The agency on Thursday announced a change to the labeling of naloxone that eventually would allow for over-the-counter use as a nasal spray and as an auto injector. “Naloxone is a critical drug to help reduce opioid overdose deaths” said FDA Commissioner Dr. Scott Gottlieb in a written statement. “Increased availability of naloxone for emergency treatment of overdoses is an important step—one potential way to improve access to naloxone is to make it available for over-the-counter sale.”
Naloxone has been considered a crucial tool in the effort to reduce the number of drug overdose deaths that has skyrocketed in recent years due to the opioid epidemic.
In 2017, nearly 48,000 overdose deaths involved prescription and illicit opioids, well more than half of the more than 72,000 overdose deaths that occurred that year.
Many cities and states have imposed standing orders to expand access to naloxone in recent years to allow anyone to purchase it at a pharmacy, while many first responders including police are equipped with the product.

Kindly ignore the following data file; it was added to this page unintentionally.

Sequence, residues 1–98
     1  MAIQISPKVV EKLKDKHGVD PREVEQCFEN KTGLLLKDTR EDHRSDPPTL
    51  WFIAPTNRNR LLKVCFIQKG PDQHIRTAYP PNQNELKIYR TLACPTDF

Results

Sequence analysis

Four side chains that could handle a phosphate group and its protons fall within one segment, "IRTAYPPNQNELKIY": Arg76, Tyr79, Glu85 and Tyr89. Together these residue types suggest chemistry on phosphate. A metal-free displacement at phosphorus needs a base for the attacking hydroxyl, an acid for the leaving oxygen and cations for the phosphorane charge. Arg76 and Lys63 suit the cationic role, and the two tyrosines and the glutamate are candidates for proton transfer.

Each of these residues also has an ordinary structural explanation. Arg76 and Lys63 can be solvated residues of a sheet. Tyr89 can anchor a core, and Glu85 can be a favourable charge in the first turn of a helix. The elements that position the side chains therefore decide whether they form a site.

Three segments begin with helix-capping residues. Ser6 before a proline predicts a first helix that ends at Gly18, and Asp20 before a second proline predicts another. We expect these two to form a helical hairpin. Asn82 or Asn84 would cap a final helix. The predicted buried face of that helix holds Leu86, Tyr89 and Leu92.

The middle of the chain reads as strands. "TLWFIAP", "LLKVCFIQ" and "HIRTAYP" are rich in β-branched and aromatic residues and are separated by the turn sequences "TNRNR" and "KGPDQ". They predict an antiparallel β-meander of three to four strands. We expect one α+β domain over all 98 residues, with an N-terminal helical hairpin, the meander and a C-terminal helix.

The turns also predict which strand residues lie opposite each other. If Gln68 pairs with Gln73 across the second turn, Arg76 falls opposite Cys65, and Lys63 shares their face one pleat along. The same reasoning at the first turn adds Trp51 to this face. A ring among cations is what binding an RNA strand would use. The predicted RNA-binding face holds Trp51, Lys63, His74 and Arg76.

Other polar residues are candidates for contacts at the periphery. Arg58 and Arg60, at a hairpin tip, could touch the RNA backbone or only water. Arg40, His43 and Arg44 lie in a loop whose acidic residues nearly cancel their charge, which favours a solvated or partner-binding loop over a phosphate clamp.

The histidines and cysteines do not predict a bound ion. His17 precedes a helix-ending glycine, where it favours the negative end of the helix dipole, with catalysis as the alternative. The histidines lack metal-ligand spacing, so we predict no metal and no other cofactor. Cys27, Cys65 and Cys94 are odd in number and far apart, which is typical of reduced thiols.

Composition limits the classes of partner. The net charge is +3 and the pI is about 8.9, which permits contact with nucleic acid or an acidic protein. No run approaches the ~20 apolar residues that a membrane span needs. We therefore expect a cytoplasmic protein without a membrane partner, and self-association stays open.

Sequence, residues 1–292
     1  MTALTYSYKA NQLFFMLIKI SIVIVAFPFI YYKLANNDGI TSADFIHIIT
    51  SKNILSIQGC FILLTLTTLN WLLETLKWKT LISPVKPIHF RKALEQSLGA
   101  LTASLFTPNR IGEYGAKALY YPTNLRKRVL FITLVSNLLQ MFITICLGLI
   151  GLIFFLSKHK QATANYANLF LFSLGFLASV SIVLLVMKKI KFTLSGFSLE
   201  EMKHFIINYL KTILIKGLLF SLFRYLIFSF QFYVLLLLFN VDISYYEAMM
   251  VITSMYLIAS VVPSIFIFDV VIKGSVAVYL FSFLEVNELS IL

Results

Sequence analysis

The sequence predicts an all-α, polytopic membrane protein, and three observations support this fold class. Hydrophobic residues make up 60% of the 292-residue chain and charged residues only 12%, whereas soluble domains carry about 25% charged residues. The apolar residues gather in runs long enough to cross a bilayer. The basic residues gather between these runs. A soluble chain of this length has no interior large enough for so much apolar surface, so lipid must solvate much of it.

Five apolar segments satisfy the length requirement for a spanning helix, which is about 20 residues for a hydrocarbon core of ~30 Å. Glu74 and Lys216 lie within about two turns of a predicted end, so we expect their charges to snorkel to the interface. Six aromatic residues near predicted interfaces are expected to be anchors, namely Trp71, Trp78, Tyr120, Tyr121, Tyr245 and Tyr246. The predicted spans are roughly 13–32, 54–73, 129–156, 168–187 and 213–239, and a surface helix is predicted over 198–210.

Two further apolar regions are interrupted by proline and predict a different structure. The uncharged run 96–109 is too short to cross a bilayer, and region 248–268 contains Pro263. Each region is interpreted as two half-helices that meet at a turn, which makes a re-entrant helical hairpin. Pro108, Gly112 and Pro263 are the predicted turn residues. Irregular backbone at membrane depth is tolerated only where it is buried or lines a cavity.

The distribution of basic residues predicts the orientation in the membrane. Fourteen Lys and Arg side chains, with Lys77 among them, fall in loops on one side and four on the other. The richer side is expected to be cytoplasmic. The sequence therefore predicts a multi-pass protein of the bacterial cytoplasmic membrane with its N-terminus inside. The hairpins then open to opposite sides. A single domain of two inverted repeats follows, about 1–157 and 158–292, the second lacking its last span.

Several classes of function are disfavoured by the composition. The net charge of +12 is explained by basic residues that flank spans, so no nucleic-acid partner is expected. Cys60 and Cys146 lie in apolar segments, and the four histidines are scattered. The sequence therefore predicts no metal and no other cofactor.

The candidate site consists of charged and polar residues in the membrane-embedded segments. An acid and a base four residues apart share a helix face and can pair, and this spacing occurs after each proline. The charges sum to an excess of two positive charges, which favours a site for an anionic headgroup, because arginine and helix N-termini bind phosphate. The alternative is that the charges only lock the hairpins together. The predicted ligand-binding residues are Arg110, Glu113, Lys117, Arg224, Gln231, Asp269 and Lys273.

And a growing number of healthcare providers have instituted policies that call for clinicians to co-prescribe naloxone every time they prescribe opioids.
More than 191 million opioid prescriptions were written in 2017, according to the Centers for Disease Control and Prevention.
The increase in demand for naloxone has led to shortages, which has led to complaints over increases in the price of the drug. A study published in November in the journal Addictive Behaviors found increased demand, drug shortages, and limited competition among drug makers had all contributed to price increases ranging from 244% to 3,797% from 2006 to 2017.